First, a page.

The guideline development group has attempted to summarise the recommended care pathway in a colourful but very busy flow diagram, which, while comprehensive, unfortunately covers three A4-sized pages, and may be somewhat intimidating to the non-enthusiast. However, the algorithm is worth spending some time to peruse as it contains sound advice as well as some serious challenges in terms of implementation and a few surprises in the recommendations on non-pharmacological treatments.5

Principles of management

The NICE guideline recommends that treatment and care should take into account the individual needs and preferences of the patient. Good communication between the healthcare professional and the patient is essential. This needs to be supported by evidence-based information, to allow the patient to reach informed decisions about their care.3 Patients should be offered educational advice that:3

  • includes information on the nature of non-specific low back pain
  • encourages him/her to be physically active and continue with normal activities as far as possible.

The guideline does not endorse or recommend any specific source of written information for patients, and so clinicians are left to decide for themselves which written information to give patients. I suggest that primary care trusts should support the implementation of the guideline by purchasing and providing copies of The Back Book6 so that GPs can hand this out to their patients. This publication is cheap (£1.25), readily available, jargon-free, well established (now on its 2nd edition), and was written by a group of renowned national experts with international reputations in back pain research.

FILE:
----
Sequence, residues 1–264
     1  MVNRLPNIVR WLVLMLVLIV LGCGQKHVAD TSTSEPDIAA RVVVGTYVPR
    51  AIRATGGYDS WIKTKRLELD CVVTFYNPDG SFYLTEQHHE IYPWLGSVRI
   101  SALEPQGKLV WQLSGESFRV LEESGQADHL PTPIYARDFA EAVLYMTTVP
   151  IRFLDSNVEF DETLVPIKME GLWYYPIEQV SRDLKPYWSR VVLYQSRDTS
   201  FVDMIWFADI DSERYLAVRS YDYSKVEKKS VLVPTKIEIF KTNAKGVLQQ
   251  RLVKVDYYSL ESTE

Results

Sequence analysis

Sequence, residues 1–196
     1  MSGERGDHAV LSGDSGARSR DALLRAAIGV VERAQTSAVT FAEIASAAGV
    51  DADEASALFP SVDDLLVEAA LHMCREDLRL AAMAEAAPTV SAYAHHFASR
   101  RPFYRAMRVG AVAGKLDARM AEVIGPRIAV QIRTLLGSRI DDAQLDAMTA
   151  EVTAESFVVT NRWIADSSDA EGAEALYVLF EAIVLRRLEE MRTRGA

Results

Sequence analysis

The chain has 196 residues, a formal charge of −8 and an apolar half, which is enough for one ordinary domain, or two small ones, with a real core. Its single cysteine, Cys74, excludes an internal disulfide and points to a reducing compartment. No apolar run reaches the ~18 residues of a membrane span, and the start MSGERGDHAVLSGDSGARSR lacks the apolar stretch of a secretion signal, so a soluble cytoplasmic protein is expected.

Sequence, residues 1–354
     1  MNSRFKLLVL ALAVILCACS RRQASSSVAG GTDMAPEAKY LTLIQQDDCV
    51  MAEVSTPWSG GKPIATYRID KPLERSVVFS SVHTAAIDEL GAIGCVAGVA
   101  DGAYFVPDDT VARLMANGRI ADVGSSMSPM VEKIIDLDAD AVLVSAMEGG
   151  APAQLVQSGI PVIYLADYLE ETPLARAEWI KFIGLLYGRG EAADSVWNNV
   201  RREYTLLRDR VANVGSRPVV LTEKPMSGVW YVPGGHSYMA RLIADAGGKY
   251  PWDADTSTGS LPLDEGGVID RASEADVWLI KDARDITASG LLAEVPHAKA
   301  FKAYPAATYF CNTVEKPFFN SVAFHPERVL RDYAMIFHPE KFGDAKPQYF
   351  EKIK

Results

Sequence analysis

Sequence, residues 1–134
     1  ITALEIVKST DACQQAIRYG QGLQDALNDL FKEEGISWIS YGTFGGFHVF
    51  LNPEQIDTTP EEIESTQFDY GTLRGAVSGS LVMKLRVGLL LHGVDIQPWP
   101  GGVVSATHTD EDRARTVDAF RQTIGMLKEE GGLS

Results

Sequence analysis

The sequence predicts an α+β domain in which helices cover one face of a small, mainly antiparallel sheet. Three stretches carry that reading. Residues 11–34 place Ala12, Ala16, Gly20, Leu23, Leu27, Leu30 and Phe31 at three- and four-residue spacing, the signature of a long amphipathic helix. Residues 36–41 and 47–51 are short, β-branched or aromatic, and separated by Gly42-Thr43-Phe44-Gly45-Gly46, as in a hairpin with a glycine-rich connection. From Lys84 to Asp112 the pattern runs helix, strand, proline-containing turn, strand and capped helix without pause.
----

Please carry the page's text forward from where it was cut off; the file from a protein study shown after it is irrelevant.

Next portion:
I believe that the guideline promotes four management principles that should be applied to all patients.

1) Diagnosis
Clinicians are advised to keep the diagnosis under review at all times. A clinician who suspects that there is a specific cause for their patient’s low back pain (e.g. cancer, infection, ankylosing spondylitis) should arrange the relevant investigations. In the full guideline,7 very brief advice is offered regarding the ‘red flags’ that should prompt such investigations but this topic is not covered at all in the summary, and so I offer my own suggestions (see Box 1).